Banning fans from the Tokyo Olympics is "clearly something we don't want," International Olympic Committee (IOC) chief Thomas Bach told reporters in a video call on Wednesday, adding that "multiple scenarios" were under consideration for the rescheduled games.
Bach said safety was the top concern for organizers of the Tokyo Olympics, which were due to start next week but have been postponed for a year over the COVID-19 pandemic.
But he clearly signaled his reluctance to hold the games at empty stadiums, now a common sight in sport as other competitions make a tentative return from virus-enforced shutdowns.
"So we are working for a solution of the Olympic Games which, on one hand, is safeguarding the health of all the participants and, on the other hand, is also reflecting the Olympic spirit."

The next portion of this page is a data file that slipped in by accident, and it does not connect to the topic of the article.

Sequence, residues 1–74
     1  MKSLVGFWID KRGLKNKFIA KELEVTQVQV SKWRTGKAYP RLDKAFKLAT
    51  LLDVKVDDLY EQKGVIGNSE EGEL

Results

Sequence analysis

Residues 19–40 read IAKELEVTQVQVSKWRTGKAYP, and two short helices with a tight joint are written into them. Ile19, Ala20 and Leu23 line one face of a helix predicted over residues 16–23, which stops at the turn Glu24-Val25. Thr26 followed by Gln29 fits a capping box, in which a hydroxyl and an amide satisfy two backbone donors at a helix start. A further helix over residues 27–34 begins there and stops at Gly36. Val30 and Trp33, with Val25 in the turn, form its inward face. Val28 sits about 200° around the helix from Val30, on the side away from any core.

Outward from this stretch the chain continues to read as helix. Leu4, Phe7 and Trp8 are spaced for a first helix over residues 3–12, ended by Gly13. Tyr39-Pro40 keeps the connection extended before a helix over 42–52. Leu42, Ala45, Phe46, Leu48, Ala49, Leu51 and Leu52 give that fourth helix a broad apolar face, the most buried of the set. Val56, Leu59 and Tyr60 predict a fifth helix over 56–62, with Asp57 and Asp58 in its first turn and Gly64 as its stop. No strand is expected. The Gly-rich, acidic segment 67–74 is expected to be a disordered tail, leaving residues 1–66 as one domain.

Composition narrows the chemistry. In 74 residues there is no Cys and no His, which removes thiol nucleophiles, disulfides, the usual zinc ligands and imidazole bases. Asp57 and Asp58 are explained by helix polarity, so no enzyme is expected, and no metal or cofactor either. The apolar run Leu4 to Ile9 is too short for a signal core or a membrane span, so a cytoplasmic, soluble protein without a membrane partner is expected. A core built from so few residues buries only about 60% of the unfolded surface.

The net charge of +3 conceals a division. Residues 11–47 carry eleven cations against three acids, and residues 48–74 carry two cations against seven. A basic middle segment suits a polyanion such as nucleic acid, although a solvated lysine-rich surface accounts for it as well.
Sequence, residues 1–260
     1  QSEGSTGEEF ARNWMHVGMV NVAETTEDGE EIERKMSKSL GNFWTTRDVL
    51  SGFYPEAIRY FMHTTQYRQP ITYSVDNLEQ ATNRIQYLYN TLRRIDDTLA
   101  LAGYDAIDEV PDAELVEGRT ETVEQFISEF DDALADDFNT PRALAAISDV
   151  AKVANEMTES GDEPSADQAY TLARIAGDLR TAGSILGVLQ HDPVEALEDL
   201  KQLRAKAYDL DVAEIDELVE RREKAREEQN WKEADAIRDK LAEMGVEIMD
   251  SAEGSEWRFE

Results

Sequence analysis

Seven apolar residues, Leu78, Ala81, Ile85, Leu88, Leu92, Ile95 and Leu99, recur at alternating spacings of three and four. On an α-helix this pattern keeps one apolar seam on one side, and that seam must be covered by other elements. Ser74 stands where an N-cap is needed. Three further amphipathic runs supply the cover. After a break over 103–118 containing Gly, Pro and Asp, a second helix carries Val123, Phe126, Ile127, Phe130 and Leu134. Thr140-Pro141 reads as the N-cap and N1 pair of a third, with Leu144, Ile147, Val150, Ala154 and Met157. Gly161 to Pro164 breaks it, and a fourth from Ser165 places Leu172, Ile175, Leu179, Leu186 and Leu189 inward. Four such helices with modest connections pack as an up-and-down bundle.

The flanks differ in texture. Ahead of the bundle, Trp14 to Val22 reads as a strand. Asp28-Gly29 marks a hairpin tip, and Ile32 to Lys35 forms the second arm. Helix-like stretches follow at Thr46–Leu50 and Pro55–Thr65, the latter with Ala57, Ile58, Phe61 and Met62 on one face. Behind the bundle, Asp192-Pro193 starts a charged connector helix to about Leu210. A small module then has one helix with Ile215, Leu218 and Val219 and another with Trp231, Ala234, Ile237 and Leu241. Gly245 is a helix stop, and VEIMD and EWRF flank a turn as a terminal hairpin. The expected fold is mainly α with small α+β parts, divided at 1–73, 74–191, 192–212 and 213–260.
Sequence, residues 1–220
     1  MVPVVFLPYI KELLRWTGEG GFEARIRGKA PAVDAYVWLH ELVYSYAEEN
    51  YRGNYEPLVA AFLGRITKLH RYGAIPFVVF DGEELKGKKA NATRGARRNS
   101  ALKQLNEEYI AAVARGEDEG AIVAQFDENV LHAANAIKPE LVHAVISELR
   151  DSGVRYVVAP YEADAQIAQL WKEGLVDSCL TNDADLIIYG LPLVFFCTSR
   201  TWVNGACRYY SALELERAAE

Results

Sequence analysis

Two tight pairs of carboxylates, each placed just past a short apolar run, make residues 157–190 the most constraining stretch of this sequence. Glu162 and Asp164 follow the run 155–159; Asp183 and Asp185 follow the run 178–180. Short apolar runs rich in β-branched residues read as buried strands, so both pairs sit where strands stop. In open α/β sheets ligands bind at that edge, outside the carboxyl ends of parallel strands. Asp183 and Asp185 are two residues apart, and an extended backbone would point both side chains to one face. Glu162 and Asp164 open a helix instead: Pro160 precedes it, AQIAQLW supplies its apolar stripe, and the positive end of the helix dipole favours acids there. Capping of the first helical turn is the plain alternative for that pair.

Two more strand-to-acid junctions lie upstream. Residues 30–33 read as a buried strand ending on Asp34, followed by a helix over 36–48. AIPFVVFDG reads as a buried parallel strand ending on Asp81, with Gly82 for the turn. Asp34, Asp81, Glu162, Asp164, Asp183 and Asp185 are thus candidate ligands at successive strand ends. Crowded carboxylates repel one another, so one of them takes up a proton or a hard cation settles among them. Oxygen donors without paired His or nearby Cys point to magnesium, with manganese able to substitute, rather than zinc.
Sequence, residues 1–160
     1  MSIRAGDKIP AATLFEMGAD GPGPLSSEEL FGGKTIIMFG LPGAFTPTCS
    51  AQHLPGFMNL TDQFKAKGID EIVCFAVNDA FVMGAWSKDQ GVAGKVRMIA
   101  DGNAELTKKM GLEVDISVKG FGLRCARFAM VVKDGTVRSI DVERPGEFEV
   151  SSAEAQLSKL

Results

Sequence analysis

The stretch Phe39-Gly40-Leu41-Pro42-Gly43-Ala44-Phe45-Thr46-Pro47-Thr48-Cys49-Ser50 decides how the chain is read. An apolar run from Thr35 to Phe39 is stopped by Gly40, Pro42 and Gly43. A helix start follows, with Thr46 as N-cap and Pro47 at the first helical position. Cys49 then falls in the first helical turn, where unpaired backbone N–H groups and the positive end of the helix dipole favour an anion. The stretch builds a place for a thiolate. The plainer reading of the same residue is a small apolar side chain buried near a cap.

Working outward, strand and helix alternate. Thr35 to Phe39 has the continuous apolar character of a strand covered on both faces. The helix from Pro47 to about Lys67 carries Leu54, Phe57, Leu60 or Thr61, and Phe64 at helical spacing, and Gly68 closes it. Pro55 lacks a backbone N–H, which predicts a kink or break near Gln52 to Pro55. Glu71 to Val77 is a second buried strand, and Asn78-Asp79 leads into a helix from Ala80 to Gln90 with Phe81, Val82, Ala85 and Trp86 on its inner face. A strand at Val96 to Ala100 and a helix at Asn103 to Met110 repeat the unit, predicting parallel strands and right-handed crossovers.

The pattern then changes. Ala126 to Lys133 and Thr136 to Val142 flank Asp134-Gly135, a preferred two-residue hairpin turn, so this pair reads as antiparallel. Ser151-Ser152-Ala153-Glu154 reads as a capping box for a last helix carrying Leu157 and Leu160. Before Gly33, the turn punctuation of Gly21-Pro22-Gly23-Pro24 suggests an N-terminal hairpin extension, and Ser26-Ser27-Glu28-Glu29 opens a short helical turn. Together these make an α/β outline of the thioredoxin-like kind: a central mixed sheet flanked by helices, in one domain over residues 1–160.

Bach and Japanese Prime Minister Shinzo Abe have both warned that it would be hard to postpone the games beyond 2021, raising the nightmare scenario of the first Olympics to be canceled in peacetime.
"The first priority is about the safety of all participants of the Olympic Games," said Bach.
"For this reason, we are working now on multiple scenarios of the organization of the Games with regard to the health situation of which we do not know how it will be in one year from now."
Tokyo Governor Yuriko Koike last month told AFP she would make a "120% effort" for the games to go ahead, pledging the Olympics would be safe despite the pandemic.
On Wednesday Tokyo moved its coronavirus alert to red, the highest level, after a resurgence of cases in Japan's capital.
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